While the human body does produce electrical energy (around 100 watts to be exact) the sun, which does not possess human consciousness, is without question currently “experiencing a higher energy frequency" than I am. This statement doesn’t actually make any sense if we are using language in a meaningful way. Since they can’t possibly be referring to any measurement of energy we know of (because inanimate substances and objects can certainly have higher frequencies than conscious humans do) they must have pulled the ol’ switcheroo and are now referring to some phenomenon we can’t scientifically verify. This is what’s known as an “argument from ignorance” because we can’t measure these undefined “frequencies” and therefore have no method for proving their claim true or false.
“Not all of us humans vibrate at the same levels. Also, we don’t always vibrate at optimum energy frequency states…”
I have nothing to say here except that this is what happens when you develop a scientific theory from a Beach Boy’s song.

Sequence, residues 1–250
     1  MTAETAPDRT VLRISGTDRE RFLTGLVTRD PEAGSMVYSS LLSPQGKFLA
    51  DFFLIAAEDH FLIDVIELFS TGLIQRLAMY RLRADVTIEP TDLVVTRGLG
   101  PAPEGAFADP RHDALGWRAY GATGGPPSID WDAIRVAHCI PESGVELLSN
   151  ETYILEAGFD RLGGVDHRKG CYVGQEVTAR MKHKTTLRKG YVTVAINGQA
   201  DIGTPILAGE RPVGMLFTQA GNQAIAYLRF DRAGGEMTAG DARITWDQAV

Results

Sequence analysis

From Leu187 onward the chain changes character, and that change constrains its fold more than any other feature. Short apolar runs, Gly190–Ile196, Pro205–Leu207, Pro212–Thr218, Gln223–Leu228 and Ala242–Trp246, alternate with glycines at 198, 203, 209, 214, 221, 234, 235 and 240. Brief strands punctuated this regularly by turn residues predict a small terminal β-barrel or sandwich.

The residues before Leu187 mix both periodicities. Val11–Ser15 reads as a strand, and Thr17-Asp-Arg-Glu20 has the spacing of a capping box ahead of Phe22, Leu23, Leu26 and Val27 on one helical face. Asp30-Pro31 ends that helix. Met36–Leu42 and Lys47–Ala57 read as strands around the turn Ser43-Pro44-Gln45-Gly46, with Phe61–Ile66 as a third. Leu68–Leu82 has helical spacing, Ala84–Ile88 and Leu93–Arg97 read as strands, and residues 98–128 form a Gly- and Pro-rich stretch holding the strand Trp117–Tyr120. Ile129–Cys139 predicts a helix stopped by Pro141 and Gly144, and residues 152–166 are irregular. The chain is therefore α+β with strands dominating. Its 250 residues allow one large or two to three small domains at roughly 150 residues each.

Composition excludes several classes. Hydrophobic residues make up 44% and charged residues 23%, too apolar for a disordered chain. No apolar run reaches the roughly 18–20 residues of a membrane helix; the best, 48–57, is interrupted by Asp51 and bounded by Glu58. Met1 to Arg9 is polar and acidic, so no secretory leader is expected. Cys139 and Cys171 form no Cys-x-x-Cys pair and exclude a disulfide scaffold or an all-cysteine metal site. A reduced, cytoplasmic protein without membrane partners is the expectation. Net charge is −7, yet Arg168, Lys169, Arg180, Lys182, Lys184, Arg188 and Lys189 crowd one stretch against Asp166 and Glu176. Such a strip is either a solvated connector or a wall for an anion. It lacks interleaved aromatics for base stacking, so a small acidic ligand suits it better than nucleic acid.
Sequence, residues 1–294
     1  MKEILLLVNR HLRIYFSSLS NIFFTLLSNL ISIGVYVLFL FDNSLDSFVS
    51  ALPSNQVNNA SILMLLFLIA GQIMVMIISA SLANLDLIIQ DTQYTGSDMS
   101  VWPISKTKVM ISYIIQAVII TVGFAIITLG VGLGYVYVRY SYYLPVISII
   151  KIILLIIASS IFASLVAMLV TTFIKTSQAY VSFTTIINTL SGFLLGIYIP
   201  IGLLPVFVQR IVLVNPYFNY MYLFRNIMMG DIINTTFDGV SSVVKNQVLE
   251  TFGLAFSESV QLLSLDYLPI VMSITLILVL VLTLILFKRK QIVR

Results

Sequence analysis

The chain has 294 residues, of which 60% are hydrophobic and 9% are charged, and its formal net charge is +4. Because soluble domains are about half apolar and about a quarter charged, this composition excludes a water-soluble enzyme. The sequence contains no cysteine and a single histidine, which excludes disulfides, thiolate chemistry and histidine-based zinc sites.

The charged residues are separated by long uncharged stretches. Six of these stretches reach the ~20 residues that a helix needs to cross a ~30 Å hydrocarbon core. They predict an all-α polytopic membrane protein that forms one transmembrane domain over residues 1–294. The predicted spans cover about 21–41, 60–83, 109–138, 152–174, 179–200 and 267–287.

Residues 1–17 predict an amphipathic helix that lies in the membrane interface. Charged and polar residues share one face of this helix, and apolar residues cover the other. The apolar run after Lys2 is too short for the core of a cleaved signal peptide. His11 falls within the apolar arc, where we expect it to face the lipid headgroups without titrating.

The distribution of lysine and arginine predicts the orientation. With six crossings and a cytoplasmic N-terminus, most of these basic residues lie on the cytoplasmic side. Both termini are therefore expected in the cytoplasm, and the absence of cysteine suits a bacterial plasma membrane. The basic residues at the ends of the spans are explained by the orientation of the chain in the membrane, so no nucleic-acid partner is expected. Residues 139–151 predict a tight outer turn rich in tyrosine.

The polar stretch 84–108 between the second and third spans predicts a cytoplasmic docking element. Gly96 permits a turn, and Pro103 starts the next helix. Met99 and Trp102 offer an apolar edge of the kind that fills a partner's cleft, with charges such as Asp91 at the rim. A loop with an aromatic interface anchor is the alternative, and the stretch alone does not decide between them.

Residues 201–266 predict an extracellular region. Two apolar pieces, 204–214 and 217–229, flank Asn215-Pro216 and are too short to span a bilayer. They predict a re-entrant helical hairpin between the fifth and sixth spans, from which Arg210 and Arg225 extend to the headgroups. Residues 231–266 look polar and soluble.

“Essential oils have the highest frequencies of any measured natural substance. Pure grade essential oils range in frequency from 52 to 580 MHz.”
There are several critical problems with this claim. Remember how we talked about the motion of atoms earlier? As molecules within organic substances constantly move, they bend and stretch at certain set frequencies and we know this through the use of infrared spectroscopy. Sounds like good news for the “camp vibes” right?
Well, the more atoms a molecule is made up of, the more bonds you have bending and stretching at their own set “frequencies.” Therefore, as Dr. Robert Pappas explains, “It would be impossible to characterize an essential oil or even a single essential oil molecule as having a single vibrational energy frequency. Furthermore, the energy of vibration in molecules is way higher than the 52 Mhz – 320 range claimed…”